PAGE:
"But given what's happening in the world, we need a relentless focus on the economy and recent announcements on infrastructure and lending show that's exactly what we're doing," he said.

Start Quote

If the figures are correct, this would be by some measure the worst four-year period for the UK, outside wartime, in at least 100 years - worse than what happened in the 1920s and 1930s, and worse than anything in the 1970s and 1980s ”

End Quote

In response, shadow chancellor Ed Balls said the "truly shocking" figures showed the government's economic plans had failed.

"If these figures don't make the chancellor wake up and change course, then I don't know what will," he said.

"Thank goodness the Olympics will give our economy a much-needed shot in the arm. But this short-term boost is not enough - we need a plan B now to get the economy moving again and radical reforms to set Britain on a new course for jobs, growth and long-term prosperity."

The ONS did point to some more positive signs for the economy. Employment is growing "modestly", it said, with 181,000 jobs created in the past three months.

With prices rising at a slower rate, the squeeze is also easing on household incomes.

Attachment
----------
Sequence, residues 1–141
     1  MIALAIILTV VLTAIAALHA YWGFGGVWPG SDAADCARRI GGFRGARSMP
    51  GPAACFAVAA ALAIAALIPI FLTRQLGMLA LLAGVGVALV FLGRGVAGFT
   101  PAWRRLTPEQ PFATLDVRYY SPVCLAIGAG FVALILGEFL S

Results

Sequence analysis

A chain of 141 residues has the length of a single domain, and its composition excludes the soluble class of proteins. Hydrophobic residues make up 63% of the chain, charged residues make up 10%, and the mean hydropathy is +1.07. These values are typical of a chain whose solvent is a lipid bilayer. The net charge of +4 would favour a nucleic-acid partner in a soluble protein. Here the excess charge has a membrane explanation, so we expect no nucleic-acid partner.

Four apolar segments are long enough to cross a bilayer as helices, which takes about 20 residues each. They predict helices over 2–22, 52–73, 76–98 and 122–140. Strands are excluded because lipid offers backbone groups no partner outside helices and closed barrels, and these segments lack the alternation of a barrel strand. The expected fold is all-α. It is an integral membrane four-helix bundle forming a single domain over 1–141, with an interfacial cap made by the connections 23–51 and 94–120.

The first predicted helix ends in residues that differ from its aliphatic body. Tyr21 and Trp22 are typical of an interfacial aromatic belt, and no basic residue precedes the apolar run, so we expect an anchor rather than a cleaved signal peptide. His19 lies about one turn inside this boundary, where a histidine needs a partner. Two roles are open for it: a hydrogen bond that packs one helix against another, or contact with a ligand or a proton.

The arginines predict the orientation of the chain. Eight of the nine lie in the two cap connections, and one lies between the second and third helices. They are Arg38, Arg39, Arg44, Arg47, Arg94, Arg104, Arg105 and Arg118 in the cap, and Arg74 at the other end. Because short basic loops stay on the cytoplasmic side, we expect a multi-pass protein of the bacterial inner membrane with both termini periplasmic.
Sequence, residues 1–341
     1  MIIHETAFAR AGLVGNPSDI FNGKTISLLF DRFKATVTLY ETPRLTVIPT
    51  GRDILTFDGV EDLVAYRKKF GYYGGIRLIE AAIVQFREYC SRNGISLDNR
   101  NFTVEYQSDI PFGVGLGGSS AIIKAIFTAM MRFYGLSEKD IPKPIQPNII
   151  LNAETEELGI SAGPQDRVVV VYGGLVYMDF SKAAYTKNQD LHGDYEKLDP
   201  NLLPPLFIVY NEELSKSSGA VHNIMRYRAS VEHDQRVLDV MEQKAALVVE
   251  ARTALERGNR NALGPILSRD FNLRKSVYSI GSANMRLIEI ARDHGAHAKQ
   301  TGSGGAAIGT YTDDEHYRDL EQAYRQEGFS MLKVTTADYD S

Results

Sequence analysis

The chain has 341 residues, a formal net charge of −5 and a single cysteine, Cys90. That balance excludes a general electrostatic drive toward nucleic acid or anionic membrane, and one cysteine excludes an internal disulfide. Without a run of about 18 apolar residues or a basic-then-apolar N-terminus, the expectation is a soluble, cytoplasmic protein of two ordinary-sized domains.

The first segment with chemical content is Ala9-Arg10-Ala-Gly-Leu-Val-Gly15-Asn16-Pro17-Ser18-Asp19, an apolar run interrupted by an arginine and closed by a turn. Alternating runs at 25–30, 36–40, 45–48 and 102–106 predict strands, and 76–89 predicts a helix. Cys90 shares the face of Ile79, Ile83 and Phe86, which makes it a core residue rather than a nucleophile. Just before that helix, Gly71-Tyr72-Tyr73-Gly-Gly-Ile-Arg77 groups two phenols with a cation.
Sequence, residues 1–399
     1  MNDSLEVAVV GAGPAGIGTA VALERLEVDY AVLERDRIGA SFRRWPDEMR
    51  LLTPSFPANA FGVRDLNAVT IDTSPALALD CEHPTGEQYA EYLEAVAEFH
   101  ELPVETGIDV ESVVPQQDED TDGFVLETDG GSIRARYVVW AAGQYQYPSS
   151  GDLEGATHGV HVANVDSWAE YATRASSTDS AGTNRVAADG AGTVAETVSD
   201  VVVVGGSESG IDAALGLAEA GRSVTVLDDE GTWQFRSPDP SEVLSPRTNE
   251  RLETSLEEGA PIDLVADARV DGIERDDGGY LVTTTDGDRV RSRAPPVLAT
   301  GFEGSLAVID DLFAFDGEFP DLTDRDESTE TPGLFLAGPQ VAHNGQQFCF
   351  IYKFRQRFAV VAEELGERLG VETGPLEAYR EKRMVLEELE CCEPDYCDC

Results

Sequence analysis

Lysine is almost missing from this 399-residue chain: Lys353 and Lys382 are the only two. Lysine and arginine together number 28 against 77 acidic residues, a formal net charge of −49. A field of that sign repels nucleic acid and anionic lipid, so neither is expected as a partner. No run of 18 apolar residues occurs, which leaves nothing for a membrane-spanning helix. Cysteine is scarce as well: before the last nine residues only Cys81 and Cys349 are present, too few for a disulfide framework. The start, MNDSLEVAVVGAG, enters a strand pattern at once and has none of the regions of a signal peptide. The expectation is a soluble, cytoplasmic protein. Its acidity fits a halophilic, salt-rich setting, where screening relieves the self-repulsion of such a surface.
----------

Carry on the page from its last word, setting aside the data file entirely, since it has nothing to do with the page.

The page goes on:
However the output of the economy is still 4.5% lower than it was during its peak before the onset of the financial crisis in 2008.

Construction slump

Analysis

What a muddle. On the face of it economic output has tumbled by much more than expected In the second quarter this year.

But the ONS has admitted there is a lot more uncertainty than usual because of the bad weather and the extra bank holiday.

Output is falling, yet jobs are being created in the economy, as last week's labour market data demonstrated. The business organisation the CBI says it thinks the economy is flat rather than negative.

What's really going on? We can say with certainty that the UK economy is not in a good place. As to what really happened between April and June, we may have to wait another year or more till all the revisions have taken place.